After April’s timely reminder to write letters for the Let Women Pray event, I decided to get on it.
Overhearing me mention the project, my daughter asked me about it, so I explained it.
“Some people are writing letters to say they think women should pray in conference.”
“Remember when we watch church on the computer and there is singing and the prophet and apostles speak?”
“Oh right! One time someone said we were building a new temple.”
“Yes, that’s conference.”
“I want to write a letter too!”
So she did. The sentences and pictures are all hers; my role was only to spell the words out for her. She included a picture of a girl announcing a new temple to be built and on the back she included a picture of a boy and a girl giving a talk together at conference with the audience watching. She explains it all here:
Her letter states, “I’m Margaret and 4-3/4. I thik that women can talk and pray in conference and boys can too.”
And the little child shall lead them.
This is perfect. Thanks for sharing.
I love how she tells us she is sending the letter to the “boys” at the conference center.
April, I think that is my very favorite part!
I love this for so many reasons…I love that you explained it to Margaret and she decided to participate. I’ve been afraid to do that with my boys, afraid that I might unduly influence them either way as I participate in my activist activities, so this was a good model for me.
I love her pictures and I’m impressed with how well she writes, and I’m happy that she thought to include the boys, too. Great work, Mom and Margaret!
I do try to be very aware that I’m not pushing my children into my causes. When we’ve gone to protests or demonstrations, I make sure that if the kids want to hold signs, they both understand and agree with what is written. For example, at our state’s We Are Woman march last year, my sign referenced legislative actions that encroached on women’s rights. She couldn’t have related to or understood my sign, so her sign stated, “My body, my choice.” I was ok with her holding it because we use that phrase with her all the time and she uses it herself (when telling her little brother to stop hitting or pushing). But I definitely don’t want to put words in my children’s mouths. She has refused to help write thank you letters lately, so I assumed she wouldn’t bother with this cause at all and I was surprised she wanted to.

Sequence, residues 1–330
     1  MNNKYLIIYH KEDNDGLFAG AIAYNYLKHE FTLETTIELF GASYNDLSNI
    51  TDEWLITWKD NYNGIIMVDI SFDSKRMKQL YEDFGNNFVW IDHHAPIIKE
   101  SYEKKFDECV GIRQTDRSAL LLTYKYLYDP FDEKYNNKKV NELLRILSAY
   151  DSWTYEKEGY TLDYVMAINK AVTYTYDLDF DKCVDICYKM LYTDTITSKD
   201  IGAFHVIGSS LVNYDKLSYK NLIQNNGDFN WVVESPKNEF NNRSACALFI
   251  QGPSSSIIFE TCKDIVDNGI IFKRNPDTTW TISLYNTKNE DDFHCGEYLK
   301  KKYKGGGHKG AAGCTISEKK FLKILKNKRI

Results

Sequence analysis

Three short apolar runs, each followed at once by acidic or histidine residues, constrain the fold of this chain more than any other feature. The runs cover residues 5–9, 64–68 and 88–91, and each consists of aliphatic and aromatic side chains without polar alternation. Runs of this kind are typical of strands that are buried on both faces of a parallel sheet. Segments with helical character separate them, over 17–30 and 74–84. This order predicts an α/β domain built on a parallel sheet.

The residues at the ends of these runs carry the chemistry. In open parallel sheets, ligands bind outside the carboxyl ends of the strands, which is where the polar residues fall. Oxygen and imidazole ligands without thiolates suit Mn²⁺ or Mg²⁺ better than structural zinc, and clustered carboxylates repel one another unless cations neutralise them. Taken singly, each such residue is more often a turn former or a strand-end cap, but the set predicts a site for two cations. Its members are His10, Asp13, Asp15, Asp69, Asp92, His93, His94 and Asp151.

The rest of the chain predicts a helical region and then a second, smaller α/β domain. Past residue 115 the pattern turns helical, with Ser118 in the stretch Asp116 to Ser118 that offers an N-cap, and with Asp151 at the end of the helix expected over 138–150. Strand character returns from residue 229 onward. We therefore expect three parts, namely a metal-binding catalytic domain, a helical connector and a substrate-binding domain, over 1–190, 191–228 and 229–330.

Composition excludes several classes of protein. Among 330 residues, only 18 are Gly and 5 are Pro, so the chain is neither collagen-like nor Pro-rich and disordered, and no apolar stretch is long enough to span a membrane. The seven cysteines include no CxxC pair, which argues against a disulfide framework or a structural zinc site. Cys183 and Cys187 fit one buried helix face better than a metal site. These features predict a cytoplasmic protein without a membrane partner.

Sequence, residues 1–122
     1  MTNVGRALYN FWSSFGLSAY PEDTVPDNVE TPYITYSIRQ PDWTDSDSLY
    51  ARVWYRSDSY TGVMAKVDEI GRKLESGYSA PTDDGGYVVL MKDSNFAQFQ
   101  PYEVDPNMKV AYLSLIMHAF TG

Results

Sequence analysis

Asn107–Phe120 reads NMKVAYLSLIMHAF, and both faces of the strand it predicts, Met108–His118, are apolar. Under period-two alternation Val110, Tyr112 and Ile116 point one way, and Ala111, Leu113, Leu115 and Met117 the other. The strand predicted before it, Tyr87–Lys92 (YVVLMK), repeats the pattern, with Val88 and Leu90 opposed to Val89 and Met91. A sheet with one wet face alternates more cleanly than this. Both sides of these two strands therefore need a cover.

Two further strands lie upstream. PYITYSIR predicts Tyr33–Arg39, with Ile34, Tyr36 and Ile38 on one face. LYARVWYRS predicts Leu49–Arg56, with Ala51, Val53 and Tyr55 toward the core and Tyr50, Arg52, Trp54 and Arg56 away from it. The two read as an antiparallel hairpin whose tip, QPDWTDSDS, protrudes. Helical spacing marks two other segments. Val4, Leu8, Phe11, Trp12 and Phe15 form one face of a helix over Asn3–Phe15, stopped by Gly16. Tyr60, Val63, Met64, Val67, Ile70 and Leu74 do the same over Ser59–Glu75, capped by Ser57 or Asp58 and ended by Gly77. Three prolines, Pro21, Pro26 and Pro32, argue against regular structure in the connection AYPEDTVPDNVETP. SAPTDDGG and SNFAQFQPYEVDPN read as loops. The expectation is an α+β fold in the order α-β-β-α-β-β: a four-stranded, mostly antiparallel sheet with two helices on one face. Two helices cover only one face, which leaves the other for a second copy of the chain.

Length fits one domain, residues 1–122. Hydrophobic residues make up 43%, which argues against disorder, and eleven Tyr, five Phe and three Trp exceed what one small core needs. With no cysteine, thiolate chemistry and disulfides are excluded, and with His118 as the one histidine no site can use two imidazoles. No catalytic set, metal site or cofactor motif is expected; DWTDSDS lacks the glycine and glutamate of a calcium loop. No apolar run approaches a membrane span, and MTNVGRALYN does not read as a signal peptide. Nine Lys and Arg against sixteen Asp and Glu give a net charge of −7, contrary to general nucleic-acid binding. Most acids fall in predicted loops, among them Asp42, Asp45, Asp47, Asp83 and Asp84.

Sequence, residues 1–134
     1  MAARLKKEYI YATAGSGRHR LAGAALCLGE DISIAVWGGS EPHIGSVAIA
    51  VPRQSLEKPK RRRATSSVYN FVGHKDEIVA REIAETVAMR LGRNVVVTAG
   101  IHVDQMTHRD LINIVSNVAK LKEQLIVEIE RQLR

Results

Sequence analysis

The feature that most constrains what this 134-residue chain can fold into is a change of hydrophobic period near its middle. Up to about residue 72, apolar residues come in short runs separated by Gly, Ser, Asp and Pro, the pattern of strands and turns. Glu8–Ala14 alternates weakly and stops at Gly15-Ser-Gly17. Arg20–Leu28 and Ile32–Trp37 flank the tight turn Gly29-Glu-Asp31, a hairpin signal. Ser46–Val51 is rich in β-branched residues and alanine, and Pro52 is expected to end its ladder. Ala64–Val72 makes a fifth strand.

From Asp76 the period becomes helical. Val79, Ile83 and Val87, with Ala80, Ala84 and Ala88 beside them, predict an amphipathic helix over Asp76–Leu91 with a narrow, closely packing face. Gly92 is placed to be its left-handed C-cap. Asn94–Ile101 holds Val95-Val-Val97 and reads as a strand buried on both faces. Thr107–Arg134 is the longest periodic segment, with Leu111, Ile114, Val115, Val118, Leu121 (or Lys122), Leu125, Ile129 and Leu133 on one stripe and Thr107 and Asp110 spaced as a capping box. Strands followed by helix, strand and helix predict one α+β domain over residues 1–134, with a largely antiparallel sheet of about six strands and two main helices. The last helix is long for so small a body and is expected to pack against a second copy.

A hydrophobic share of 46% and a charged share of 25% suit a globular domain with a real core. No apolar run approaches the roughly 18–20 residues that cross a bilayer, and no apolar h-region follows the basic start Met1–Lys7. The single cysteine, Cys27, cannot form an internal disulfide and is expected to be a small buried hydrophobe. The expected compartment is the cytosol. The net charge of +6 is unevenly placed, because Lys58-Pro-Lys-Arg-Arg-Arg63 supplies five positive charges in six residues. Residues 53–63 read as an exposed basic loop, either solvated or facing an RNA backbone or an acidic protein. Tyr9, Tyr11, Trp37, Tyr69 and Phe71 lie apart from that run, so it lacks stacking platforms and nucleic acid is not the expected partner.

I like that she’s adorably smart, and completely confident in what she’s doing. I also totally love the creative layout of her letter.
Where were you guys when my daughter was 4?
The layout is funny! She wrote out the sentence first and then drew the picture, but that’s probably not noticeable. When I was spelling out words for her, I think she interpreted, “New word, so leave a space…” as, “Start a new line.”
This is awesome, TopHat! I need to introduce this issue to my 6 year old and see if he is interested in writing a letter too.
Women, when I was a young mom I also tried to keep my feminist thoughts to myself. I hoped that through my example–voicing opinions, having a career, treating my daugher and sons similarly, I would “show” them the reality. I would occasionally point out small inequities within the church at Sunday dinner, but not too often. When my oldest, my only daughter, was 18 and leaving Utah for university in Boston, I began to wonder what damage my silence had done to her. Though she was now 2,500 miles away, I tried to be more mindful of letting her know how I felt. (It wasn’t until I proof-read her Master’s Thesis that I found out what a horrific year she had as a Freshman due to the sexism she faced. If only I had better-equipped her years earlier!!)
About that time a group of boys were playing basketball outside. My 16-year-old son was trash-talking with his friends and younger brothers about how powerful he is. A knife cut into my heart when I heard him say, “Yeah, well, I outrank every woman in the church!” Some apologists might say that if he thought that, he just didn’t understand what it means to hold the priesthood, or they might have muttered something about “unrighteous dominion,” but I couldn’t argue. I certainly hadn’t taught him better.
That day in 2004 things changed. I dropped the facade of total harmony with the culture of our church as well as with some of the teachings. Today, my daughter is in law school and hopes to specialize in women’s rights issues. Her master’s thesis was on our rape culture (including how some teachings in Mormonism feed it). My sons (2 returned missionaries and one about to go) attend gay rights rallies that I speak at, join me in fighting for the right for women to pray at conference, and speak up just as loudly as I do when they see inequality anywhere.
I feel like the search for equality and the desire to defend it is innate. By not acknowledging it, I was not allowing my children to recognize it or fight against it. Please don’t avoid being a proud feminist around your children. You know your thoughts come from a very real and god-given sense of right and wrong. Teach your children to spot and fight against it, too.
Seeing a sincere letter from a 4-year-old who is willing to stand up for us just melted my heart. Good job, Mom! I wish I had known then what you know now.
Thank you for sharing this difficult experience. It certainly made me think.
This is a wonderful story! Thank you for reading and commenting here. I’d love to hear more stories about your teaching your children, for example, so feel free to submit a guest post.
[…] said – I do respect the campaign. I see other people’s passion and smiled seeing Tophat’s daughter’s video. I think it is good for individual people to express their opinions. I believe calling […]